Also, A multidisciplinary guideline development group was formed in early 2010 to create and implement the revision. This group consisted of mandated representatives from all of the relevant specialisations concerned with breast cancer, plus two delegates from the BVN (Dutch Breast Cancer Society).


Method of development

Evidence based


Feasibility has been taken into account in developing the guideline. This included attention to factors that could promote or hinder putting the advice into practice. Examples include the implementation of an analysis of problems, the multidisciplinary composition of the guideline development group, and making active use of support from the guideline development group members. Presenting the draft guideline to the field and communicating what, if anything, is being done with the responses, also promotes implementation. In this manner, a guideline has been developed that answers current questions in the field.

The guideline is distributed widely and is available in digital form on the Dutch Guideline Database. The guideline may also be brought to the attention of a wider audience in other periodicals or continuing education sessions, for example. To promote use of the guideline, we recommend that the regional tumour working groups and group practices, as well as scientific and professional organisations, repeatedly bring the guideline to the attention of their members. Any problems that may arise in using the guidelines can then be discussed and, when appropriate, submitted to the national guideline development group, as it is a "living" guideline. If desirable, parts of the guideline can be made more explicit by formulating regional additions or translation to the local situation in departmental and/or hospital protocols.

In principle, indicators are determined during development of the guideline that can be used to monitor implementation of the recommendations. Via a documentation project, these indicators can then be used to determine the extent of compliance with the guideline. The information from the documentation project becomes input for the revision of the guideline.

Methods and proces

This module has been evidence-based revised in 2008 and consensus based updated in 2012.


A revision of an existing guideline consists of revised and updated text. Revised text is new text based on an evidence-based review of the medical literature; updated text is the old guideline text which has been edited by the experts without performing a review of medical literature. Each section of the guideline states what type of revision has taken place. Each chapter of the guideline is structured according to a set format, given below. The purpose of this is to make the guideline transparent, so that each user can see on what literature and considerations the recommendations are based on.


Description of the literature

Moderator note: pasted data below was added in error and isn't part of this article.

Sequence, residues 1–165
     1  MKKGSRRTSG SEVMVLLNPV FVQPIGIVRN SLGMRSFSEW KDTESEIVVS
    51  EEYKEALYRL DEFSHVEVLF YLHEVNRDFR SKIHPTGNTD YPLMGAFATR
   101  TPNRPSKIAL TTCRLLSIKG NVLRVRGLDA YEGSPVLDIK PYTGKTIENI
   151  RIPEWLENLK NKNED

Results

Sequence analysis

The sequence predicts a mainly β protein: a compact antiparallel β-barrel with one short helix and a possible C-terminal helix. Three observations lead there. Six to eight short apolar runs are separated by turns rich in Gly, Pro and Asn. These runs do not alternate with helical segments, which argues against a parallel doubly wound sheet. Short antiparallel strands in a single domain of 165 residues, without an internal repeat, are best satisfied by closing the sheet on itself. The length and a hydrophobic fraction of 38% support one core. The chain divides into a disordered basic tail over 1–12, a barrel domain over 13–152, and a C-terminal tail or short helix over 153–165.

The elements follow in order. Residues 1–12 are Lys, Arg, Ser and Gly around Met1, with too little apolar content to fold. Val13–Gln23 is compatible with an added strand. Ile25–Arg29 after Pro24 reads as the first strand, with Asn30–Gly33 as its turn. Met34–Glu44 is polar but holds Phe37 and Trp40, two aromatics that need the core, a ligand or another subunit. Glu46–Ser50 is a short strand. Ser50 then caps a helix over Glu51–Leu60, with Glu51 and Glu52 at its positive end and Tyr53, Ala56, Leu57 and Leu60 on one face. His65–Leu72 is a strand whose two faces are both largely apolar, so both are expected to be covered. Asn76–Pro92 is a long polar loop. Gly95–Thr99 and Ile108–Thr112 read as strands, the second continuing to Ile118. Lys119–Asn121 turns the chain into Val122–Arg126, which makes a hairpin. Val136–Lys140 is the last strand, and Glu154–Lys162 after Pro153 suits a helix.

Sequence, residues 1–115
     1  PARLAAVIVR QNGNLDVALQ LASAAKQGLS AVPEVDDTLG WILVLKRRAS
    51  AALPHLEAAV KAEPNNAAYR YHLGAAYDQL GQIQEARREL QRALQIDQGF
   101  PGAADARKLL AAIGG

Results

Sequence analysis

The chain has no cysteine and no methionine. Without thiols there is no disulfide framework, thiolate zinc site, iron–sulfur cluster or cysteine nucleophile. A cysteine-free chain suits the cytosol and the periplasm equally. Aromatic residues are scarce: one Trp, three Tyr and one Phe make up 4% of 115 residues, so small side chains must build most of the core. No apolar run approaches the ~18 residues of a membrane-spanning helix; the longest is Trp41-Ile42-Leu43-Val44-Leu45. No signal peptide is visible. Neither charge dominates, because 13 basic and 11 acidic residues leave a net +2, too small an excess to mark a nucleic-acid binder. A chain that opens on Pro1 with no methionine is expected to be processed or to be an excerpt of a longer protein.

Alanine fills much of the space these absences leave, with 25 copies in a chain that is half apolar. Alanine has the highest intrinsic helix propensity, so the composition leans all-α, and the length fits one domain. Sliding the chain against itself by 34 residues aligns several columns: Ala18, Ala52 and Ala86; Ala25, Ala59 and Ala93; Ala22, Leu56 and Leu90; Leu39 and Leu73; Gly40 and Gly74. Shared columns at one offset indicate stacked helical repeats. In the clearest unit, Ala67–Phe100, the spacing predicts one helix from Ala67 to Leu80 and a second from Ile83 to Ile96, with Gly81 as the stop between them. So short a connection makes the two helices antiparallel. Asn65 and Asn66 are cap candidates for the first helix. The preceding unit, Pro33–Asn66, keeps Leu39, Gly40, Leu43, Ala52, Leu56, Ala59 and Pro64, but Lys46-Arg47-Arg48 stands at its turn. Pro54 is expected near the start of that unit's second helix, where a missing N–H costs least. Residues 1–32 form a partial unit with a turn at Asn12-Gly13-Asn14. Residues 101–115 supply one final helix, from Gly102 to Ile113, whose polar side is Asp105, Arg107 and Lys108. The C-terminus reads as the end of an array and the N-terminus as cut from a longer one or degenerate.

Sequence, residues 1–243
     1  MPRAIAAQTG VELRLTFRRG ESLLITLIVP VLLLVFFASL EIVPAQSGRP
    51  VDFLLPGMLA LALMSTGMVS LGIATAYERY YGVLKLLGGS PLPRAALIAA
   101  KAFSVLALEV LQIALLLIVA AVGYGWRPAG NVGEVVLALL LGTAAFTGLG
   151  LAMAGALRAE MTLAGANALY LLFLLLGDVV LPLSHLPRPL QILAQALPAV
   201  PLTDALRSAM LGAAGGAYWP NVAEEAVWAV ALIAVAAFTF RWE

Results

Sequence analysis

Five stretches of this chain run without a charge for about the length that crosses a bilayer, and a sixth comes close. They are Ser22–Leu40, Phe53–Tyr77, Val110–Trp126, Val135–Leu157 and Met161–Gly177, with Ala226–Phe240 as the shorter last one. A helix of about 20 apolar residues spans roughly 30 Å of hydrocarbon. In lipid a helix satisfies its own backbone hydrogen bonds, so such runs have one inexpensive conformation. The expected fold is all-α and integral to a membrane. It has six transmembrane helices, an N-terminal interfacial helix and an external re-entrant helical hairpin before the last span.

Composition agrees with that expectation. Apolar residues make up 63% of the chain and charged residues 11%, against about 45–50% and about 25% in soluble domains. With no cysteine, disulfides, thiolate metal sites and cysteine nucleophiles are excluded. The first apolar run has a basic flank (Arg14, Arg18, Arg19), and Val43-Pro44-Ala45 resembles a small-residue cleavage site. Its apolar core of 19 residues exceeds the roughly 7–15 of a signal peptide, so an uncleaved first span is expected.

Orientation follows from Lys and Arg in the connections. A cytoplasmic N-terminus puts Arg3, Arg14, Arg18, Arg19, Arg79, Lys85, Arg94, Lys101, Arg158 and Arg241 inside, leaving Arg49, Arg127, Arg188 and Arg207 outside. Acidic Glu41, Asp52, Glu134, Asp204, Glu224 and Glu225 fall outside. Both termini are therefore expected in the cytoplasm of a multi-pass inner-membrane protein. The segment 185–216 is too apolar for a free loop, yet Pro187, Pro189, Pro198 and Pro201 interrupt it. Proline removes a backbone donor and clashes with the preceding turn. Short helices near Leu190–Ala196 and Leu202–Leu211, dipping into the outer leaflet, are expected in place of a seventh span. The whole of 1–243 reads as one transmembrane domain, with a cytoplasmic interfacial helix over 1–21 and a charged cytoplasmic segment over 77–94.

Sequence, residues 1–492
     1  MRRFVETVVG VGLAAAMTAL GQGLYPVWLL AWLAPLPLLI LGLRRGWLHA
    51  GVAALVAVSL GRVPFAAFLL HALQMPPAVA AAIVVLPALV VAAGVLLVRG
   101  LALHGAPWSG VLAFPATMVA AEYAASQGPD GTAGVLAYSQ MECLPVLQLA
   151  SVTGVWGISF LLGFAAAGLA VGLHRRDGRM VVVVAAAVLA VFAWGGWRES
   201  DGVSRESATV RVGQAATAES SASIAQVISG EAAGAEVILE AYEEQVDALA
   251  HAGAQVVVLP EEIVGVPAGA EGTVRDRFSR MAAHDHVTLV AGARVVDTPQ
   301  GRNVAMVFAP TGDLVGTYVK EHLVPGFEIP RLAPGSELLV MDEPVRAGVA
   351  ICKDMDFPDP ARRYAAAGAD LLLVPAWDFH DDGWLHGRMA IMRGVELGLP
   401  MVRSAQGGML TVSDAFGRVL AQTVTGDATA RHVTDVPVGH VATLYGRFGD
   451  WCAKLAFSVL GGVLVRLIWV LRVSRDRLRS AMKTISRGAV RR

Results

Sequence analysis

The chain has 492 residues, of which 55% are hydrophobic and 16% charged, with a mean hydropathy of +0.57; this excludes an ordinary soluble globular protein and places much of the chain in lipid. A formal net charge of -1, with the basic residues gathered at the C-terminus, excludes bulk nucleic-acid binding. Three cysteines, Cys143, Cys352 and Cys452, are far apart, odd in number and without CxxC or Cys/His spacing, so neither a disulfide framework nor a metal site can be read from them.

To the greatest extent possible, the answers to the fundamental questions (and therefore the recommendations in this guideline) were based on published scientific research. The articles selected were evaluated by an expert in methodology for their research quality, and graded in proportion to evidence using the following classification system:


Classification of research results based on level of evidence


Research   on the effects of diagnostics on clinical outcomes in a prospectively   monitored, well-defined patient group, with a predefined policy based on the   test outcomes to be investigated, or decision analysis research into the   effects of diagnostics on clinical outcomes based on results of a study of   A2-level and sufficient consideration is given to the interdependency of   diagnostic tests.


Research   relative to a reference test, where criteria for the test to be investigated   and for a reference test are predefined, with a good description of the test   and the clinical population to be investigated; this must involve a large   enough series of consecutive patients; predefined upper limits must be used,   and the results of the test and the "gold standard" must be   assessed independently. Interdependence is normally a feature of situations   involving multiple diagnostic tests, and their analysis must be adjusted   accordingly, for example using logistic regression.


Comparison   with a reference test, description of the test and population researched, but   without the other features mentioned in level A.


Non-comparative   trials


Opinions   of experts, such as guideline development group members



Based on the medical literature, one or more relevant conclusions are made for each section. The most important literature is listed according to the level of evidential strength, allowing conclusions to be drawn based on the level of
evidence. All the medical literature included in the conclusion is described in the bibliography.


Classification of conclusions based on literature analysis


Based   on 1 systematic review (A1) or at least 2 independent A2 reviews.


Based   on at least 2 independent B reviews


Based   on 1 level A2 of B research, or any level C research


Opinions   of experts, such as guideline development group members


Other considerations

Based on the conclusion(s), recommendations are made. However, there are other considerations that contribute to formulation of the recommendation besides literature evidence, such as safety, the patients' preferences, professional expertise, cost-effectiveness, organisational aspects and social consequences. The other considerations are mentioned separately. In this manner, it is clear how the guideline development group arrived at a particular recommendation.



The final wording of the recommendation is the result of the scientific conclusion, taking into account the other considerations. The purpose of following this procedure and drawing up the guidelines  in this format is to increase transparency.



An alphabetical list of literature references can be found at the end of the guideline.


All draft texts have been discussed by the guideline development group.

Search strategy

Searches are available upon request. Please contact the Richtlijnendatabase.